Spending quiet time in the morning, reading scripture or meditating, allows you to connect and refocus on what's most important. The scientific benefits of both prayer and meditation are plentiful. Prayer reduces stress, improves self-control and makes you nicer. Meditation improves concentration and attention, reduces anxiety and turns off the brain's "me center." Combine the two for a power-packed way to start your day stress-free.

I'll give honorable mention to the scalp massager in the list of 25, but from my experience, I don't need more stuff or trendy tricks to reduce stress.

What about you? How do you stay calm and relaxed when things are stressful? Comment below.

Time after time, Americans have taken to the streets to defend our constitutional rights, whether it was our livelihood at stake -- or our lives. But, what was the point of all the civil rights movements that came before, if we're about to let the government take our rights away now?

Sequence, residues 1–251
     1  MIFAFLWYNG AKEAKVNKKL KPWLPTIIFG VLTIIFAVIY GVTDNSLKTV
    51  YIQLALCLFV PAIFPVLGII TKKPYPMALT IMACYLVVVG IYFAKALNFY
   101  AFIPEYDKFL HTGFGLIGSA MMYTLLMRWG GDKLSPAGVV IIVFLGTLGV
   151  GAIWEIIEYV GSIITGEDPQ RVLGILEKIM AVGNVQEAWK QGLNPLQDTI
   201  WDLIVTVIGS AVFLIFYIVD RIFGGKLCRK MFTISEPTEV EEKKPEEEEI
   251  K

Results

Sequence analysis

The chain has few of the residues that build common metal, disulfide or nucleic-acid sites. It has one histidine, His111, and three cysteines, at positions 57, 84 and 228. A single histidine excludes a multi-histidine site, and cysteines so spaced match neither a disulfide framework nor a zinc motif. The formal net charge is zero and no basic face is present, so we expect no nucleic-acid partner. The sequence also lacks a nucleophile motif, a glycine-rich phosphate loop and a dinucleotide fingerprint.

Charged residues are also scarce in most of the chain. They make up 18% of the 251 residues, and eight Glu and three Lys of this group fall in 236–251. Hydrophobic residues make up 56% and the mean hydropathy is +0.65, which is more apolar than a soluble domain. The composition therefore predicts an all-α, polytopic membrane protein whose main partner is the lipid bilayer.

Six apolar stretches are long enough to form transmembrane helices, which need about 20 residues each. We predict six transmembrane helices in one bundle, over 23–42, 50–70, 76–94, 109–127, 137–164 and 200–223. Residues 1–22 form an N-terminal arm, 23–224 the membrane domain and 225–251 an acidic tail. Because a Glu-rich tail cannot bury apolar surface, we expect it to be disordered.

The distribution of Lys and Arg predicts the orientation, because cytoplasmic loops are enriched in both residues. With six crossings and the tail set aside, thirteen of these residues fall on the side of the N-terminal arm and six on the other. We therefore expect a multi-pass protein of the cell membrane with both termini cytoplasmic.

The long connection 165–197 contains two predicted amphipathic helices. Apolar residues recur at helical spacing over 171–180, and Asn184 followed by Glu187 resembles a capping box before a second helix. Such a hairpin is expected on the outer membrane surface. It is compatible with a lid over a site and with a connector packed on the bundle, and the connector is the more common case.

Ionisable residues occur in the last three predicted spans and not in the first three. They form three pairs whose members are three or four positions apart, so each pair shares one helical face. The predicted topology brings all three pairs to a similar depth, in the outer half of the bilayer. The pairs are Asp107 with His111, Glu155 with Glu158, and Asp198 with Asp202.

On his Wednesday night special, Glenn Beck argued that Americans are tired of having our rights trampled by "tyrannical" leaders from state and local governments who are ignoring our unalienable rights during this pandemic.

"Our nanny state has gone too far. The men and women in office -- the ones closest to our communities, our towns, our cities -- are now taking advantage of our fear," Glenn said. "Like our brothers and sisters of the past, we need to start making the decisions that will put our destiny, and our children's destiny, back into our hands."

It took less than two months of the coronavirus tyranny to make America unrecognizable, but some Americans are fighting back, risking losing their jobs and businesses or even jail time, as they battle to take back our civil rights.

Here are just a few of their stories: